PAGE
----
- If equality is the rule, then there is no doubt, no personal responsibility in the decision taken.
- It's also in line with the idea of no personal responsibility, no personal freedom, just fate. Being all born equal our differences are not our responsibility.
- With equality there's no reason for envy.


Best,
Ignacio

Friday, February 21, 2020

From Lawrence, Sunday PhiloMadrid meeting at 6:30pm: Who is the winner: reason or emotions?

 
 
Dear Friends,
 
This Sunday we are discussing an old issue:  Who is the winner: reason or emotions?
 
Who is the winner: reason or emotions?
https://www.philomadrid.com/2020/02/who-is-winner-reason-or-emotions.html
 
In my short essay I argue that there are no winners but do imply that there are many victims.
 
best Lawrence
 
tel: 606081813
philomadrid@gmail.com
Blog: http://philomadrid.blogspot.com.es/  OR  PhiloMadrid.com
MeetUp https://www.meetup.com/PhiloMadrid-philosophy-group/
Gran Clavel (Café-Bar): Gran vía 11, esquina C/ Clavel, 28013—Madrid
 
 
From Lawrence, Sunday PhiloMadrid meeting at 6:30pm: Who is the winner: reason or emotions?
 
 
 






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Who is the winner: reason or emotions?


Who is the winner: reason or emotions?


Our question or questions of this genre are an old problem in philosophy and as we would expect a lot has been written about it. Thus any self respecting search engine on the internet should come up with a decent representation of the reason-emotions problem. Indeed, any references of the problem written these past few years would accept that there is no real problem at all between the emotions and reason. In effect one needs the other not to mention that both have their distinct function in human beings. Over and above this scenario researchers in neuroscience are making inroads into how the brain functions, especially in the context emotions.

In the context of modern day use of emotions and reason we accept that somehow reason is by far a higher order ability than simply reacting to events through the emotions. Emotions are the vulgar uncivilized motivating causes. No one disputes that emotions have a causal effect on our actions and today it is accepted that emotions also have a causal effect on reason. We work harder to buy the latest sports car.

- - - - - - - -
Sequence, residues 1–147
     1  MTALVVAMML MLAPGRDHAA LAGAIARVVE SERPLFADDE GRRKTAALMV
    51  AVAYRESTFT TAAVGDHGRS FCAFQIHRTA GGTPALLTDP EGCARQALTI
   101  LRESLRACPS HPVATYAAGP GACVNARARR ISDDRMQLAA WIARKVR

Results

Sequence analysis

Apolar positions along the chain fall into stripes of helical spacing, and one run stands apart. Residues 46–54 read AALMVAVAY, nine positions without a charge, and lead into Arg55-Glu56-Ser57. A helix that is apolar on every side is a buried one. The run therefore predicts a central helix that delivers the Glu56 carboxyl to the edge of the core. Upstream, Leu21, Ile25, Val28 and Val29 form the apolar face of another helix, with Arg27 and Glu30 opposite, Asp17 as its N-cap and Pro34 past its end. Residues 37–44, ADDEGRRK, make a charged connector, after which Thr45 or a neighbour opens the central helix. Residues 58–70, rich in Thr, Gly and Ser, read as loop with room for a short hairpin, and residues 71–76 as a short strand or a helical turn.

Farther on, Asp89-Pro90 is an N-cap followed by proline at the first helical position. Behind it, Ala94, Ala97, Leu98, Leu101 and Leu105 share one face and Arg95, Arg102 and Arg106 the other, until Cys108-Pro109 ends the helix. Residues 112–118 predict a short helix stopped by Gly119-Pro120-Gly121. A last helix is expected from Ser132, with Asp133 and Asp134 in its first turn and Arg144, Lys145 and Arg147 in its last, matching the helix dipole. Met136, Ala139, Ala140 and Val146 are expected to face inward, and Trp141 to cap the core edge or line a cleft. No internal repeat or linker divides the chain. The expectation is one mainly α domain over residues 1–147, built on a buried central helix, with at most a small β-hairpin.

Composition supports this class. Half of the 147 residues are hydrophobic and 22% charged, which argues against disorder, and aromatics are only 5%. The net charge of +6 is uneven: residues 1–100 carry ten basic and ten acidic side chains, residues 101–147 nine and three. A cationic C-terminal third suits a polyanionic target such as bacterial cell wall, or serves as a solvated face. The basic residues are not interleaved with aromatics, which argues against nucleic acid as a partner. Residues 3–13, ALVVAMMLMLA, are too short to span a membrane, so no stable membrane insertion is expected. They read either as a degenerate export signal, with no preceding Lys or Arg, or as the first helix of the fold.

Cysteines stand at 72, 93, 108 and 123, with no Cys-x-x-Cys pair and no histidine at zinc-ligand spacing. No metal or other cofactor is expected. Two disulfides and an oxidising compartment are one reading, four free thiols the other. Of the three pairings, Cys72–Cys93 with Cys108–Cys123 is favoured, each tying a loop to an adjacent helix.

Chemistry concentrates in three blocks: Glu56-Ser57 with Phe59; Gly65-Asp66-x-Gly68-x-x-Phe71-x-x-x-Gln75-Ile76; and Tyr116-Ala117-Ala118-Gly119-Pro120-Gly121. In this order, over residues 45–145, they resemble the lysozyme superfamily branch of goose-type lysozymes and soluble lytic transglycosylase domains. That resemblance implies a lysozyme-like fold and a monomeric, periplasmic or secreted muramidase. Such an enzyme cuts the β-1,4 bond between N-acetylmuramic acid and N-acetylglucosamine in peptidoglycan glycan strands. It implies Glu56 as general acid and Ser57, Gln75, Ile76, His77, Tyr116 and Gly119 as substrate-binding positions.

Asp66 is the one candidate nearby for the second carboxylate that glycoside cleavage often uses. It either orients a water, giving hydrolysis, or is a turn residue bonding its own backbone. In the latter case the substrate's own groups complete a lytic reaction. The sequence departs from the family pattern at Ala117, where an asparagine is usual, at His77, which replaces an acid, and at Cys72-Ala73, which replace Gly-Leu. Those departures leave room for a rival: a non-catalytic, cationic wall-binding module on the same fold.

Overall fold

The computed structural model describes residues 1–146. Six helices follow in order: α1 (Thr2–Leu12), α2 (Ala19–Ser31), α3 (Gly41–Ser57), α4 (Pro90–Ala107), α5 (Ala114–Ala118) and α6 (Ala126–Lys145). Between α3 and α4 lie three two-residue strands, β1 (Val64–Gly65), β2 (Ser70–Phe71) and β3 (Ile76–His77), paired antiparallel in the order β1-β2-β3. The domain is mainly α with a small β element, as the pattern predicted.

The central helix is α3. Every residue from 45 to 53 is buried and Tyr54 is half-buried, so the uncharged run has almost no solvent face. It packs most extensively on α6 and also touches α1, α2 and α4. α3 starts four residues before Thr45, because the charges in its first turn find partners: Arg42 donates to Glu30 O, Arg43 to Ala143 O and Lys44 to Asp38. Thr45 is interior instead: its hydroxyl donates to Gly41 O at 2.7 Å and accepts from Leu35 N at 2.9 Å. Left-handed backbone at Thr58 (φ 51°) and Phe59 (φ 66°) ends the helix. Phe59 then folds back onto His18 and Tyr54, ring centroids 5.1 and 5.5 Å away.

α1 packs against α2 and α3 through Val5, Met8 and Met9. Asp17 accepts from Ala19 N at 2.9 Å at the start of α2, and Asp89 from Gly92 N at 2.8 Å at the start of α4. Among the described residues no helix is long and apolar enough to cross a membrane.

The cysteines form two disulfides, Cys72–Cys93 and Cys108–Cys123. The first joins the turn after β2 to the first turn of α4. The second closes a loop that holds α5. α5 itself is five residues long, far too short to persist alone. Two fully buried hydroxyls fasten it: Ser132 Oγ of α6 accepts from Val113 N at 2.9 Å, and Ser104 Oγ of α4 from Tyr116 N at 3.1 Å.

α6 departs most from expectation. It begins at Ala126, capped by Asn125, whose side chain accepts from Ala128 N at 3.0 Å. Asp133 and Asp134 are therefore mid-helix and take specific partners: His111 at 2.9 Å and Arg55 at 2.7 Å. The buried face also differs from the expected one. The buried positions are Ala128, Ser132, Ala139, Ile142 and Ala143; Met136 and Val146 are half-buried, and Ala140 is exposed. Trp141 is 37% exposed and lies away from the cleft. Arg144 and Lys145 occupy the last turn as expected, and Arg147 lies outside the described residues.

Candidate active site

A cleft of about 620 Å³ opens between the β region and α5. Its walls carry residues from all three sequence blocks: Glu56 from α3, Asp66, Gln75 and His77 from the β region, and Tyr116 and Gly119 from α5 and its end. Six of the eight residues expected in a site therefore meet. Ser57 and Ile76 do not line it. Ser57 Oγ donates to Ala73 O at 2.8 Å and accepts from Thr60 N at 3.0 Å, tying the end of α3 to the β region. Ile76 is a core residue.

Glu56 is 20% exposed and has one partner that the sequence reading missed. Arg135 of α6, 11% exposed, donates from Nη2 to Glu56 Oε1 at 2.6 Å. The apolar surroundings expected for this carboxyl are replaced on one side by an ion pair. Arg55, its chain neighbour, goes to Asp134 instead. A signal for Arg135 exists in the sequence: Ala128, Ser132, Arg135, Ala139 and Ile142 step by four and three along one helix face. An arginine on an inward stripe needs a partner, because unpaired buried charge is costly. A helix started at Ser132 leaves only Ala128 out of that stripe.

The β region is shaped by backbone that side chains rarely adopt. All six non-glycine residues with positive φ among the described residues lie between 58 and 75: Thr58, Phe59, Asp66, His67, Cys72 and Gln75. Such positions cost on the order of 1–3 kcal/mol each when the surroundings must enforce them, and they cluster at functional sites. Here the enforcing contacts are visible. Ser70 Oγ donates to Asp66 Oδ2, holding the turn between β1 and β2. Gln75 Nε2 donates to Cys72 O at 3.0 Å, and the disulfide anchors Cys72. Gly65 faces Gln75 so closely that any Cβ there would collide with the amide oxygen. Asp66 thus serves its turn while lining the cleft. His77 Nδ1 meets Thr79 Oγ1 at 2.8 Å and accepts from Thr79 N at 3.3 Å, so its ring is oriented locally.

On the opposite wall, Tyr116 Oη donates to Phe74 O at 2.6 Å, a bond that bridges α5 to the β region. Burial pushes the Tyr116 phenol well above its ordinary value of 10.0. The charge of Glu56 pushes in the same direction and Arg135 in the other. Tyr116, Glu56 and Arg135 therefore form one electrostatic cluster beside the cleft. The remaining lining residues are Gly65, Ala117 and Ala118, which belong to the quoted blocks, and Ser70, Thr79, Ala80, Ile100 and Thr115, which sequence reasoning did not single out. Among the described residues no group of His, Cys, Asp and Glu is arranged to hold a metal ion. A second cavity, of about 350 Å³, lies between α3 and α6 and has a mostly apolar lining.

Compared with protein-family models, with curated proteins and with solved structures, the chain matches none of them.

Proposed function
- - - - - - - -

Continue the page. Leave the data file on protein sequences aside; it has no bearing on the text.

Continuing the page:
Indeed for many centuries in modern history we find the rationalist philosophers and the empiricists battling it out for the high ground of philosophy. And rational philosophy was supposed to be a higher order philosophy: at least in the propaganda war. Rational philosophy was the quest for true solid permanent knowledge that did not change with the weather, with the state of our eyesight and so forth. So the emotions lived in the body and reason (also rational reasoning) lived in the mind.

But this duality was not destined to hold forever despite the efforts of renaissance philosophers ad beyond. How could there be two separate entities of different forms and yet they are found in the same historical tempo-spatial body each characteristic with its own identity? It is not that emotions and reason are of different forms but that these are or supposed to be diametrical different. So it is not that emotions and reason are different but these renaissance philosophers suspended their reason in the face of the changing empirical nature of emotions. Let me try and repeat this idea: these philosophers used reason to create this new "entity" they called reason (rationality) to reject the status of emotions and empirical evidence.

However, these past philosophers were correct in assuming that reason was a higher order form of causing or motivating action when compared to say emotions. It is not that reason, and to remind you we also mean rationality, generates automatically or by its very nature superior knowledge, but that the methodology we use for reason can result in more advantageous knowledge in many cases.